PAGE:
As economic reports show the
economy improving, Congress voted in some tax laws that will benefit
taxpayers. Now there is a simple fact
that we can all appreciate. But tax laws
change so often and so many laws change that figuring out how to play the tax
game is anything but simple. Have you
ever played a game of Monopoly, where you were winning and then at the very end
of the game, the rules changed and you found yourself loosing? While games use consistent rules, tax law
changes during the game. And Congress
has until December 31, 2011, to finalize 2011 tax laws. But for now, here is a rundown of the
changes. And it is sure to make you
"Extender" Tax Measures
The state and local sales tax deduction, the higher education tuition and fees deduction, the $250 classroom expense deduction for
educators, and charitable contribution
of IRA proceeds were all extended again for 2010 and 2011.
And, lower tax rates
continue through 2011 with the extension of the 2010 Tax Relief Act. The extension continues the benefit through
2012. Without this measure, tax rates
would have returned to the higher level used prior to 2001.
Also extended is the Credit
for Energy Saving Home Improvements.
This credit provides up to 30% on the cost of qualified
improvements. The credit reverts to 2007
law; which provides a maximum lifetime benefit of $500. This credit is set to expire December 31,
Also extended through 2011 is the deduction for Mortgage Insurance Premium.
Likewise, the lower capital
gains and dividend tax rates are
preserved through the end of 2012.
Earned Income Tax Credit
The new law continued the
temporary increase in the Earned Income Tax Credit (EITC) for 2009 through
2012. Prior to 2009, the credit percentage for the EITC for a taxpayer with two
or more qualifying children was 40 percent of the first $12,570 of earned
income. The percentage increased to 45 percent
of the first $12,570 of earned income for taxpayers with three or more
qualifying children. The EITC phase-out range has also been adjusted upward by
$1,880 for joint filers to eliminate any marriage penalty.
Child Tax Credit
Without action, the Child Tax Credit
(CTC) would have decreased from $1,000 per qualifying child to $500 per
qualifying child in 2011. The Tax Relief Act also continued to allow the CTC to
be used against AMT. and continued the refundable portion of CTC (additional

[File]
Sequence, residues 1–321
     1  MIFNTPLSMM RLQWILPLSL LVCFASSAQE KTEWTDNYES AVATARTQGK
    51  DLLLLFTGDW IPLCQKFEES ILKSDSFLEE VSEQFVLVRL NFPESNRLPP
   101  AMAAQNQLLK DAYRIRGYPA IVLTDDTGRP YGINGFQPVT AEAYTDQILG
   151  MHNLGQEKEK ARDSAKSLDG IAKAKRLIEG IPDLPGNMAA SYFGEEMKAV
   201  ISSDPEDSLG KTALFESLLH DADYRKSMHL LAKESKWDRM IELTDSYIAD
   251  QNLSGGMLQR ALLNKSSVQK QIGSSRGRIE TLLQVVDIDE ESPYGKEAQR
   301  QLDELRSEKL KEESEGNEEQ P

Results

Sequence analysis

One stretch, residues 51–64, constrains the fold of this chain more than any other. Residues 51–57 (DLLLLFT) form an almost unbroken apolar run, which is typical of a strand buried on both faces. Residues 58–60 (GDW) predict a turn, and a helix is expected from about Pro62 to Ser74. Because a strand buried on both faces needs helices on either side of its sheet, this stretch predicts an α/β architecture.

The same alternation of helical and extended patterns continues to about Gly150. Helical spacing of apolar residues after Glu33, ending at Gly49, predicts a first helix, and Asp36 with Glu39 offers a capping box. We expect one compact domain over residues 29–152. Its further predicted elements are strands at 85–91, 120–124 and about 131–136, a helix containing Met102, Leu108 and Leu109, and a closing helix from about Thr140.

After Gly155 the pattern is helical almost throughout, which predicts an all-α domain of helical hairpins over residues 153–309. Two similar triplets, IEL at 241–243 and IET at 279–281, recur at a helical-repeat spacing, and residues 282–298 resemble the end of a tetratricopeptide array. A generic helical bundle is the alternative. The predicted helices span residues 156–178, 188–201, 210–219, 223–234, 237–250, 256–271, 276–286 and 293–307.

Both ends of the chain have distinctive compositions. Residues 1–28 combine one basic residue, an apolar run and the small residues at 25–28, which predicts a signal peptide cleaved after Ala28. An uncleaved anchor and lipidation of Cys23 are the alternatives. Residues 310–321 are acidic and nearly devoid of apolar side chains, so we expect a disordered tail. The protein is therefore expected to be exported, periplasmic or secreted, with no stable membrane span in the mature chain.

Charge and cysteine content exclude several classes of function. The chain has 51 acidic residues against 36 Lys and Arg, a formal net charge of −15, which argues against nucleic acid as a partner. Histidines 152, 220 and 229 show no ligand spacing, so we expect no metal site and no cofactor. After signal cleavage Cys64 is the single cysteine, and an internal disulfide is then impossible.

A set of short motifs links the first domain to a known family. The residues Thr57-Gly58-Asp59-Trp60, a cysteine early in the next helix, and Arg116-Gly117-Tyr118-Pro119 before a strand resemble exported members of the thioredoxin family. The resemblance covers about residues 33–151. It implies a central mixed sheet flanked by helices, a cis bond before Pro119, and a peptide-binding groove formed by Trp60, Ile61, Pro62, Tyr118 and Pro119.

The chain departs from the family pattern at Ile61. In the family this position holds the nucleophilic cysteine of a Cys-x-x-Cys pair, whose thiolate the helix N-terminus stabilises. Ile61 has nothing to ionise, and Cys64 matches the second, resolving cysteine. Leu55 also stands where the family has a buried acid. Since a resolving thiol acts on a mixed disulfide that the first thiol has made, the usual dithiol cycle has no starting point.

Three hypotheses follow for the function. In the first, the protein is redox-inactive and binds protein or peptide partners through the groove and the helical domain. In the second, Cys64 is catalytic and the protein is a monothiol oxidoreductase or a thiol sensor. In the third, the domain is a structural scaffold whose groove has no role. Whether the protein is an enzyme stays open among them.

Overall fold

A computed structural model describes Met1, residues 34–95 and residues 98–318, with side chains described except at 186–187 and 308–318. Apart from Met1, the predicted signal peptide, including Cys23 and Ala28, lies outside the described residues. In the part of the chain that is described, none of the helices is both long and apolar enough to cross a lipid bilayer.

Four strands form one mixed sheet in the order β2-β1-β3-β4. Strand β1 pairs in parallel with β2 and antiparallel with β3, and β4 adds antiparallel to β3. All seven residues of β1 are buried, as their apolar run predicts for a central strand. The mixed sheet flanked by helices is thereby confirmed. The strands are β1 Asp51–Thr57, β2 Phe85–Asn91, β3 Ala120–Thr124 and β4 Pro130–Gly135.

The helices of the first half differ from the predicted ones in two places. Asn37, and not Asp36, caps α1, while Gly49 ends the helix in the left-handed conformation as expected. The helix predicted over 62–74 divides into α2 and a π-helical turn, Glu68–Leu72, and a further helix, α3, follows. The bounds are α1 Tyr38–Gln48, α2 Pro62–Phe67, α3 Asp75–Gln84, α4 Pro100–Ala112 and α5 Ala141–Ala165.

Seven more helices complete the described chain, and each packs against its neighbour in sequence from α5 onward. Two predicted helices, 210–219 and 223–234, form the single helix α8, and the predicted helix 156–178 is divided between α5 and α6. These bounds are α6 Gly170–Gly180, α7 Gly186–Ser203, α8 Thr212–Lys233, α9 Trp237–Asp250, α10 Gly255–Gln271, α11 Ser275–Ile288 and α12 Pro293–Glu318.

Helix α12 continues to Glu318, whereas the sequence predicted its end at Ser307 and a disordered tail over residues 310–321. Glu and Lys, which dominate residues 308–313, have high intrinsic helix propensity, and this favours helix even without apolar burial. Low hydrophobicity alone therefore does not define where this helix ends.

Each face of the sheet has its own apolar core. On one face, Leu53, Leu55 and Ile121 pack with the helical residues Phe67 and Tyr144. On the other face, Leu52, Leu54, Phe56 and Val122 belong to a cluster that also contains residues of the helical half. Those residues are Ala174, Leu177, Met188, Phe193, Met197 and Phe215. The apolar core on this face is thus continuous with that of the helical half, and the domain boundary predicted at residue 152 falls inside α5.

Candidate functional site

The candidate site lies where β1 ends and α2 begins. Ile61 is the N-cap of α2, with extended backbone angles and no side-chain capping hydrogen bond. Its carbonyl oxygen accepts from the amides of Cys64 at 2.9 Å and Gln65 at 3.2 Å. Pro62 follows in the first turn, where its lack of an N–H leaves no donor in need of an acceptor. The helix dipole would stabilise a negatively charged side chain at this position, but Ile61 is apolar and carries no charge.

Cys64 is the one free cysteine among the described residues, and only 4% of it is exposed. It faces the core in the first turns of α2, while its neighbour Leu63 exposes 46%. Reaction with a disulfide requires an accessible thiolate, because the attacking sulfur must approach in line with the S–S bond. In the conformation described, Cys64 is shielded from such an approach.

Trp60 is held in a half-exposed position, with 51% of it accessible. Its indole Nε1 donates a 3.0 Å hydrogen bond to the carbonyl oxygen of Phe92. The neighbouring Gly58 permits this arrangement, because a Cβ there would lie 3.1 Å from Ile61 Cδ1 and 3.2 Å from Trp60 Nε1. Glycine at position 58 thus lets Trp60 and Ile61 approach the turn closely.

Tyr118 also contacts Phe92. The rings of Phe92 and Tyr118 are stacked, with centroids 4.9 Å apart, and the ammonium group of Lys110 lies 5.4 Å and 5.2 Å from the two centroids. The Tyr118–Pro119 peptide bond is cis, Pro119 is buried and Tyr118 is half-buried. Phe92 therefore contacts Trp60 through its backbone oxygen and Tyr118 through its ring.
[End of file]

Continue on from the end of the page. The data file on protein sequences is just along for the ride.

CTC) threshold to be 15% of the earned income above $3,000. Without action the
threshold would have returned to $10,000.
The inheritance tax returns for tax
year 2011. The first $5 million of an estate can pass tax-free to heirs,
anything over will be taxed at 35%.
Conversions to Roth retirement plan. Beginning in 2010, the modified AGI and
filing status requirements for converting a traditional IRA to a Roth IRA were
eliminated. For any 2010 rollover from an IRA other than a Roth IRA to a Roth
IRA, any amounts that would have been included as income will be included in
income in equal amounts in 2011 and 2012. A taxpayer can choose to include the
entire amount in income when filing a 2010 tax return.
Section 179 Expense
Both pieces, the $500,000 expense limit on equipment placed in service and
the annual investment limit of $2,000,000 remain through 2011.
The Patient Protection and Affordable Care Act brought on some
immediate health care changes for individuals for filing a 2010 tax return. Lifetime
limits on benefits and restrictive annual limits are now prohibited. The
adoption tax credit and assistance exclusion has increased by $1,000 to $13,170. The bill makes the credit refundable and
extends it through 2011. There's a 10%
tax on tanning services that started July 1, 2010.
The First Time Home Buyer
Credit is among some expiring tax measures.
But also as a reminder, if a
taxpayer claimed the first-time homebuyer credit for a home purchased in 2008,
they generally must begin repaying it in 2010.
Some other tax measures that have just expired are the $2,400 exclusion
from income of unemployment payments, the government retiree credit, and the
extra $3,000 IRA deduction for employees of bankrupt companies.
Contact your local income tax preparation office with questions
regarding how these tax changes may have an impact on your return.
Every effort has been taken to provide the most accurate
and honest analysis of the tax information provided in this blog. Please use
your discretion before making any decisions based on the information provided.
This blog is not intended to be a substitute for seeking professional tax
advice based on your individual needs.